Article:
The ideology of the law is to promote the interests of plaintiffs. And the richer and more powerful the plaintiffs, the more lawyers identify with them. It is this ideological construct that results in subliminal identification with the interests of those that hire her, that frames the legal reasoning processes that the panel chair brings to her work as a lawyer and that seeps into her perceptions as a judge. Since the law ultimately reflects the interests of those who benefit from it and the power that they exercise in social life, the enforcement of those laws becomes the paramount factor in the exercise of discretion and judgment by those whose professional life is tied to those interests. This is why the legal profession is inherently conservative; it generates subconscious legal rationalizations for the status quo. (Take note: Harry opposes the status quo.)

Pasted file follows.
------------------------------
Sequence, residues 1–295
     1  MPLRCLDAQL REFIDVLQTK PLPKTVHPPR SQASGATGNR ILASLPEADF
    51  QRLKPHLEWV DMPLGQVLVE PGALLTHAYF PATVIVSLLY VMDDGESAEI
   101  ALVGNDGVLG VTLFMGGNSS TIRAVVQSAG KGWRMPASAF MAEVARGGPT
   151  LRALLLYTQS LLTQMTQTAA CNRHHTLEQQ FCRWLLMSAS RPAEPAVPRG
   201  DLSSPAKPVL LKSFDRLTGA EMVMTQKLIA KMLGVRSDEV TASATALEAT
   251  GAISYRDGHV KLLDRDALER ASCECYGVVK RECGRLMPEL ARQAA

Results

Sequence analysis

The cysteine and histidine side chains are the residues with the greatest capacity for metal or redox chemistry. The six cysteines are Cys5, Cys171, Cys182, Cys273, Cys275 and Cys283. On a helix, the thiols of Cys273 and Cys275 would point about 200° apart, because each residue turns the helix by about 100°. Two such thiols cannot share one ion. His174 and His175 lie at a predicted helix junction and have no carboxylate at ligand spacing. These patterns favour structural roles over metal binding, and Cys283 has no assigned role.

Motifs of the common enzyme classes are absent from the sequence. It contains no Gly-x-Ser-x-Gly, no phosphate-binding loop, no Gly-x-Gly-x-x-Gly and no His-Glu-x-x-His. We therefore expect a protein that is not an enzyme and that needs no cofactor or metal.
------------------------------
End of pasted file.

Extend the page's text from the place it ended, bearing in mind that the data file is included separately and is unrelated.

Margot Blight’s professional history is a quintessential paradigm of such institutional ties. Such an ideological predisposition does not bode well for an independent and critical evaluation of Harry’s moral character which is rooted in a commitment to a public constituency that occasionally requires that he clash with the Law Society’s own edicts and rules. From her perspective, the Law Society’s errors have a different significance. In Ms. Blight’s view, the Law Society makes mistakes—it is not a systemic pattern. But Harry’s conduct that she disapproves of is a pattern—evidence of poor character and not a mistake.
DOES HARRY STAND A CHANCE? READ PART THREE TO BE POSTED IN A FEW DAYS.